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When we meet the creators of fictional worlds, we often want to kill them. Whether its Bioshock’s Andrew Ryan and his deadly Rapture, GlaDOS and the sadistic test chambers of Portal, or Kirin Jindosh and the Clockwork Mansion. The urge to destroy these builders is partly down to the nature of their constructions – deathtraps and mazes that make the architect a cruel overseer – but there is perhaps more to it than that. With spoilers for the above, Hazel Monforton investigates the role (and the death) of the author in a medium that invites the audience into the action.>
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The Lab is a free, semi-Portal-themed collection of minigames and vignettes from Valve, designed to show of the capabilities of their new VR headset, the Vive. It’s out now, but clearly most of you won’t be able to try it – even if you ordered a Vive, you’re weeks or more away from receiving it. Given this is, in theory, the first new Valve game in quite some time, I thought I’d tell you all about it.
Have You Played? is an endless stream of game retrospectives. One a day, every day of the year, perhaps for all time.>
A free Portal-themed set of cosmetic items and flourishes will arrive in Rocket League [official site] tomorrow. There are gel trails for your nitro boosts, cake hats and decals, and heart-breaking Companion Cube antennae. There’s plenty more along those lines as well, and it’s all free, but I’m perhaps unfairly disappointed by the lack of actual portals. I hadn’t even considered how amazing it would be to attach a portal to the area above my own goalmouth, causing stray shots that enter to emerge right by the opponent’s goal. And if the cars could dash through portals as well? Beautiful chaos.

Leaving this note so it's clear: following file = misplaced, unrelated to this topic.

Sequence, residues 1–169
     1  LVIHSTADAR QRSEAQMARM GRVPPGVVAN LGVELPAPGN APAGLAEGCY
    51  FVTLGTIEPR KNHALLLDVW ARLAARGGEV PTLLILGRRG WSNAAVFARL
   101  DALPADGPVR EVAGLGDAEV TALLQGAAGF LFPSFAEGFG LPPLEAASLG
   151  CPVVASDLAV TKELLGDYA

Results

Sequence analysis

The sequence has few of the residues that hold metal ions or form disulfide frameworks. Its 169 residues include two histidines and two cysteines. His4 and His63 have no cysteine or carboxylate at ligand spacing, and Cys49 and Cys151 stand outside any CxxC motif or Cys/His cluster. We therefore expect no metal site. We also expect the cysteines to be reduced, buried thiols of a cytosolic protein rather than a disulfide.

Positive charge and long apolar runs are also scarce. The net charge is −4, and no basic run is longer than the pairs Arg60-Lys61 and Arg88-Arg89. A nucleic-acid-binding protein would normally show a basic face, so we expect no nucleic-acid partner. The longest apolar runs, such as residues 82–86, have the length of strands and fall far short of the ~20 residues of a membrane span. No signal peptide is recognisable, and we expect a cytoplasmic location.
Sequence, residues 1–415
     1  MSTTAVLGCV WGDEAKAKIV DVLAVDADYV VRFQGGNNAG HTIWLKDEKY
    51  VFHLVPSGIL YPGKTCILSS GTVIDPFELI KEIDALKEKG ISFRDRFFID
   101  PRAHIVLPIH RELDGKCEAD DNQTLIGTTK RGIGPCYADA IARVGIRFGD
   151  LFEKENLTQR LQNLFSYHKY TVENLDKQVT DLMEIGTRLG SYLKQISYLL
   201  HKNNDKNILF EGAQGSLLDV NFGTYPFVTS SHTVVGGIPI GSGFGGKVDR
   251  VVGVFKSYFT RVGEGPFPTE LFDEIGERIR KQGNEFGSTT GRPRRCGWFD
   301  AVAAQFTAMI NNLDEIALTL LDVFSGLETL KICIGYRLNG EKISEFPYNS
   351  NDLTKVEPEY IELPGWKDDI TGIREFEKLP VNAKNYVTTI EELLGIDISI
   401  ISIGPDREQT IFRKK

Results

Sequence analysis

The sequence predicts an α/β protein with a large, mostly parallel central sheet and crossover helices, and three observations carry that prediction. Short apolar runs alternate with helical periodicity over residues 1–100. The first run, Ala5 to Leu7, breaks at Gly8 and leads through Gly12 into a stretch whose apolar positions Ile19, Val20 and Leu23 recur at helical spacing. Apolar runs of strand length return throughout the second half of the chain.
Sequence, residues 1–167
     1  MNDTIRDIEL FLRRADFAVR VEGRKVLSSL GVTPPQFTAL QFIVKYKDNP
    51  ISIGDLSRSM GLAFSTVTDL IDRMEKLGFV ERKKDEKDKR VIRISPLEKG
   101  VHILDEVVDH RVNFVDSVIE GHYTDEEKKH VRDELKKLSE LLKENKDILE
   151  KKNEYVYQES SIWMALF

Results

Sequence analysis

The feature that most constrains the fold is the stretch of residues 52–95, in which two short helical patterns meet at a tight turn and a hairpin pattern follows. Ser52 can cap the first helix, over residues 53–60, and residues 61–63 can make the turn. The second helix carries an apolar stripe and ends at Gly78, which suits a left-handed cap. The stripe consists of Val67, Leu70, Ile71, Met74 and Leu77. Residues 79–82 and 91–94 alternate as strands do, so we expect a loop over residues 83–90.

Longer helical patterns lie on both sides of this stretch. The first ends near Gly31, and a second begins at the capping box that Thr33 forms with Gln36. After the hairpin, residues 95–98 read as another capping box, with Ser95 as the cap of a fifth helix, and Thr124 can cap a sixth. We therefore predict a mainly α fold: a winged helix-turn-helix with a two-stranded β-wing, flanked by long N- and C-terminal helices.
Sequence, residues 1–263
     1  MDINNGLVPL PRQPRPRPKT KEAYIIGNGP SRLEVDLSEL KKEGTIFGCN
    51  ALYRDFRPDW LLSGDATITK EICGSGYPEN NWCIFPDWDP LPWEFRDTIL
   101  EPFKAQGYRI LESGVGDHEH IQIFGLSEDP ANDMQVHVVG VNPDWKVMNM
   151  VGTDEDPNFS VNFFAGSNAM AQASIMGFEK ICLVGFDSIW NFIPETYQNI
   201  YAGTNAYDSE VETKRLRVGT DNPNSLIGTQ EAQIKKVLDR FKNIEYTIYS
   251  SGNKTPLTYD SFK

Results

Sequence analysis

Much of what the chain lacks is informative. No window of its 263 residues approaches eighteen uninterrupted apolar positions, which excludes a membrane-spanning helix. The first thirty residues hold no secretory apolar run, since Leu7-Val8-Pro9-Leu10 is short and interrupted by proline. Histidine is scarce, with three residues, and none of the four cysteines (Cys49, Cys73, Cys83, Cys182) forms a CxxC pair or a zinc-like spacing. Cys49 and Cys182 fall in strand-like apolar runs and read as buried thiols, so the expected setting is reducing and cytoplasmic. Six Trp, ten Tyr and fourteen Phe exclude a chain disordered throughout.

Mel brings a new protagonist with a new companion sphere, boasting over 300 new voiced lines, an hour of original music, and 22 levels that its creators say may take anywhere from four to twelve hours to complete depending on how well you think with portals. It looks quite pretty. And it’s entirely free (if you own Portal 2, natch), available direct through Steam.
Sometimes you need a hand to hold, so we ve compiled a list of the 25 best co-op games to play on PC with a headset-wearing friend or a muted stranger.
Whether solving puzzles, sneaking, shooting zombies or stabbing mythical creatures in the face, the existence of another player adds an element of unpredictability. The reality of your co-op partner constantly alerting the guards is drowned out by the experience in your head – the synchronised stealth takedowns, the perfectly executed plan – but both success and failure are more compelling when you can take credit for the former and blame someone else for the latter.
There is a co-op game for every duo and our selection includes a variety of the most bestest. Don t worry if your favourite co-op game doesn t feature – it just means you re wrong. All mortals are, on occasion. … [visit site to read more]
Say, remember when Robert Yang interviewed a load of neat-o level designers while collaborating on a Portal 2 level with them as a sort of playable journalism? I enjoyed the Level With Me series back when I only read RPS, and now I’m here I’m glad I get to post about it.
The first Level With Me creation, made with folks including Brendon Chung, Dan Pinchbeck, Davey Wreden, and Ed Key, had been brokenby a Portal 2 update. Oh no! But this week, Yang released an updated version you can find over here. It’s a fine opportunity to revisit a classic RPS feature.
GLaDOS, GLaDOS, oh so monstrous,How does your garden grow?> With portable cells and many dead Chells,And propulsion gel all in a row.>
The original Portal’s Test Chamber 17 is notoriously the level in which the Weighted Companion Cube made its first appearance… and met its fiery doom. Though not before it became the cube with a face that launched a thousand memes.